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The Creator of the Cronut: What Happens When Your Business Goes Viral

DominiqueAnsel_Cronuts400People have a lot to say about the Cronut™ pastry. But they always start off with the same question: “How did you do it?” And this is quickly followed by: “How can I do it, too?” Find out, from Dominique Ansel: The Secret Recipes.

For months, I explained to journalist after journalist that there was no magic formula or marketing strategy behind this croissant-doughnut hybrid. It was simply another creation. I was making a snack for the team who said they wanted to eat doughnuts. Having no recipe for a doughnut, I decided to make my own. Glazed on the top, the pastry was filled with cream and sugared like a doughnut, but it had a laminated dough that was similar to—but not the same as—croissant dough. Crispy on the outside, with tender layers within, it was a playful treat. Two months and ten recipes later, the Cronut pastry was born. Nobody could’ve imagined what would happen next.

Picasso sketched and painted his whole life, yet only a fraction of his actual body of work became recognizable. Mozart composed since he was a child, but many of us can hum only a few notes from his symphonies. What’s more, they both started off not knowing how to paint or play music at all. And it took every bad sketch and amateur composition to mold them into someone the world applauded. Creativity is about living through every creation, even the lackluster ones. The best creations have makers who are fully immersed in living a creative life. They are all a step forward. I had always believed in that, but inventing the Cronut pastry taught me how to not fall two steps back.

One May morning in 2013, just three days after we launched the Cronut pastry, more than a hundred people were waiting outside the door. The line started three hours before our 8:00 a.m. opening time, and we were just four people inside: two baristas in front and two cooks in the kitchen. “We’re going to do great,” I assured one of the girls working behind the register, trying to swallow the panic bubbling inside me. She had started to tremble at the thought of the crowd bursting through the doors of our small shop in the next few minutes.

Within the cocoon of the bakery walls, we had only heard murmurs of how our humble dessert had “gone viral” and “was trending.” Each story was wilder than the next, from a person who sold a secondhand Cronut pastry for $100 on the black market, to customers offering bribes to our employees, to the sad moments when we caught people going through our trash for whatever rejected portions of the pastry we had tossed out earlier that morning. We were too caught up in trying to do what we could to either gasp in disbelief or rejoice in the success. All we could focus on was getting through the tornado of daily events.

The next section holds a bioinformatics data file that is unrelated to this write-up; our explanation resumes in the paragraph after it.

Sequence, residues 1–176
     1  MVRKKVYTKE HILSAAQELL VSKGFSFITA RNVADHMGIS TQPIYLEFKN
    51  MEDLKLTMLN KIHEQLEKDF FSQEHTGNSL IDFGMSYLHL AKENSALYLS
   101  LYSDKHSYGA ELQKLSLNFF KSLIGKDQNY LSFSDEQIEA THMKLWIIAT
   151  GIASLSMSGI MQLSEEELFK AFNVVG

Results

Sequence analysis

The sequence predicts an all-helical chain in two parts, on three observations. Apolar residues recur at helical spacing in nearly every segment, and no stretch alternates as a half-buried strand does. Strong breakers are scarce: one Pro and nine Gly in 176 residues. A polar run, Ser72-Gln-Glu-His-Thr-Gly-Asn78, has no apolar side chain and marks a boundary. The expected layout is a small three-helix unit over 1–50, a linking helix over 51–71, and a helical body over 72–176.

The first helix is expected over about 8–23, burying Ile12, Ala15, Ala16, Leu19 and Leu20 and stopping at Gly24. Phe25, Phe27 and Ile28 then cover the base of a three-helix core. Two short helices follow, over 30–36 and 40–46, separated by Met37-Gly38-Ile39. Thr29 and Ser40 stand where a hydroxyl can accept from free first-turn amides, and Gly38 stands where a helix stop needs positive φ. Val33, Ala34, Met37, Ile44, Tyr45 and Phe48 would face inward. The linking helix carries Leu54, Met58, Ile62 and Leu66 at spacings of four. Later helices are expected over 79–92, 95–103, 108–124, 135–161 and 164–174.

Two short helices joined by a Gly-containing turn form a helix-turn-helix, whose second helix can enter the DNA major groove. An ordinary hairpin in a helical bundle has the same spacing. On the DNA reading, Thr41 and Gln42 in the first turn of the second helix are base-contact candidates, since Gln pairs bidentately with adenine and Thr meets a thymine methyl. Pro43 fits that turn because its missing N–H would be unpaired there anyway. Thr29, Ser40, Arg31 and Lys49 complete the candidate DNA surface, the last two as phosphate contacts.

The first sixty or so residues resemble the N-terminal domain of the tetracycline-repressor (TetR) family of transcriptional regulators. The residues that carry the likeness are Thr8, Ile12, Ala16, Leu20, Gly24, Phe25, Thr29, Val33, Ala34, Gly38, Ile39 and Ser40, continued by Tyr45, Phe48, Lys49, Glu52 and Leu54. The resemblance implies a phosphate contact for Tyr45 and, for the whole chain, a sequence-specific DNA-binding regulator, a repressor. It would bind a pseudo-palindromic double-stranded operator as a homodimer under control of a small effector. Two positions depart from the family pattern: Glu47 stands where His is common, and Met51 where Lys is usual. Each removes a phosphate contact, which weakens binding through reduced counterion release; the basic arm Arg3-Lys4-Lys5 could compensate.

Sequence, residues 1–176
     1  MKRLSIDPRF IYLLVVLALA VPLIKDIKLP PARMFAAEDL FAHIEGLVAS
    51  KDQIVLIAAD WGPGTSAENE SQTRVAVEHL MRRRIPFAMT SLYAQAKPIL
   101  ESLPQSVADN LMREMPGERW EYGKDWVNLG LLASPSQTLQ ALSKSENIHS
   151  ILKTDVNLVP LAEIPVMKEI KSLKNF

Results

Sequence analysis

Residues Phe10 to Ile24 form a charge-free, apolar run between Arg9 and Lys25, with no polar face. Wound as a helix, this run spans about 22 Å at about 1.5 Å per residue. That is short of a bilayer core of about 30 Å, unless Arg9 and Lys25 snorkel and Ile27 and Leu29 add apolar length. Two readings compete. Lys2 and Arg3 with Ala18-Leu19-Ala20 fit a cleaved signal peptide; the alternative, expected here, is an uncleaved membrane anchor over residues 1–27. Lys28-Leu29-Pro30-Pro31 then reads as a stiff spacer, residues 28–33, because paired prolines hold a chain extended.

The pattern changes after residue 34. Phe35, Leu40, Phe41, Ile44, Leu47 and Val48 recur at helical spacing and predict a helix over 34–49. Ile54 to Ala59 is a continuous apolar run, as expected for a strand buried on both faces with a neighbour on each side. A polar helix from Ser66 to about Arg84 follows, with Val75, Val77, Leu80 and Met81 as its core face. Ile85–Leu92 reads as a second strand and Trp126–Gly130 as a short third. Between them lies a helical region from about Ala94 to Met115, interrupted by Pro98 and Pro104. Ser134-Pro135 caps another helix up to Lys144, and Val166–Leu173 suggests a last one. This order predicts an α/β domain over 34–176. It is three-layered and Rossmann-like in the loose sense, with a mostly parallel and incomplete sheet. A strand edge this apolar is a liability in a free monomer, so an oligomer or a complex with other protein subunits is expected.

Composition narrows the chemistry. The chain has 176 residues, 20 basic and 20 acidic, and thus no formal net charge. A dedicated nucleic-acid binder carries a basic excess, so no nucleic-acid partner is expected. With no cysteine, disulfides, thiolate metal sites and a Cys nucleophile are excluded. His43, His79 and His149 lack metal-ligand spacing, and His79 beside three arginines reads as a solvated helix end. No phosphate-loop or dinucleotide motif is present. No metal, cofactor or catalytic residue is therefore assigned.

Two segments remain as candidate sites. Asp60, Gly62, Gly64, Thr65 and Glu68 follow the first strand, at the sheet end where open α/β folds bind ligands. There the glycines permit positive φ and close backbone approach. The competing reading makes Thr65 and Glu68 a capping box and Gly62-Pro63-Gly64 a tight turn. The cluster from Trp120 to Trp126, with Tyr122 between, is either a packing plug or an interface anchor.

Then came everybody’s two cents. Economists spoke of supply meeting demand and urged me to raise my prices. Entrepreneurs gave me lessons on scaling. And there were many who loved dangling the carrot of selling out. There was only one piece of advice I took, and it was simple: “Imagine what you would have done if the Cronut pastry never existed. Go ahead and do that.”

No matter how steep the climb ahead, the trip is always made easier when you know where you’re going. And I had seen my destination in one word: creativity. We moved on. We did the one thing nobody thought we would do—we tried to ignore the Cronut pastry.

We handled matters as we did any other day. Prices were not raised. Large corporations didn’t consume us. And growth, although a natural progression in any business, was dealt with mindfully and without rush. Together as a team, we no longer feared the line. We embraced those who waited patiently, with hot chocolate and hand warmers during the winter months and fresh-baked madeleines in the summer. They were serenaded by carolers during the Christmas season and gifted long-stemmed roses on Valentine’s Day. We capped our production—not in an effort to make things “exclusive” but rather as a way to preserve the quality of the product. At one point we had not only moved on, but moved beyond. We saw that the Cronut pastry had become a symbol of creativity that drew crowds from around the world, which in turn inspired me to keep working toward my destination and move on to the next creation.

Few things are defined by the moment they were born, but rather the story they lived through. The real secrets lie not in the recipe of the Cronut pastry, but in the infinity that lies ahead of it.


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